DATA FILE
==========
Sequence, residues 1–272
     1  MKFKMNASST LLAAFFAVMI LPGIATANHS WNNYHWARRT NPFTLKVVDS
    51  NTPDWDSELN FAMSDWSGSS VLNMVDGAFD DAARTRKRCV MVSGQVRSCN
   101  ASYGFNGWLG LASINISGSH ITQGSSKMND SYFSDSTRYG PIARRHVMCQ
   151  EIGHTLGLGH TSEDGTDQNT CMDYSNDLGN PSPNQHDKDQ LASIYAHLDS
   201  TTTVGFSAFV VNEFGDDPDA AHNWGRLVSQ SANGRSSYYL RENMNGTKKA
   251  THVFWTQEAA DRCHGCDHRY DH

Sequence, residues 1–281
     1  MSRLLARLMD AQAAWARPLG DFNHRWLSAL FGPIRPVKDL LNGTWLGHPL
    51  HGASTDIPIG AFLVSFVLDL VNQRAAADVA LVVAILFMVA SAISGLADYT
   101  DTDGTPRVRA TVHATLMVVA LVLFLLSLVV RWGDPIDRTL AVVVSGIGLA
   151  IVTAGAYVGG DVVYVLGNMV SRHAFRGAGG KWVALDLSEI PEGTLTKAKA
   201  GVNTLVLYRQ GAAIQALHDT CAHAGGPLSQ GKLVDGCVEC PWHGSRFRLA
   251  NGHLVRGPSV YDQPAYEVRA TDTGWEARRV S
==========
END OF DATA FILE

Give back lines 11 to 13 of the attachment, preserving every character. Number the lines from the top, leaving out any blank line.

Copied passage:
   101  DTDGTPRVRA TVHATLMVVA LVLFLLSLVV RWGDPIDRTL AVVVSGIGLA
   151  IVTAGAYVGG DVVYVLGNMV SRHAFRGAGG KWVALDLSEI PEGTLTKAKA
   201  GVNTLVLYRQ GAAIQALHDT CAHAGGPLSQ GKLVDGCVEC PWHGSRFRLA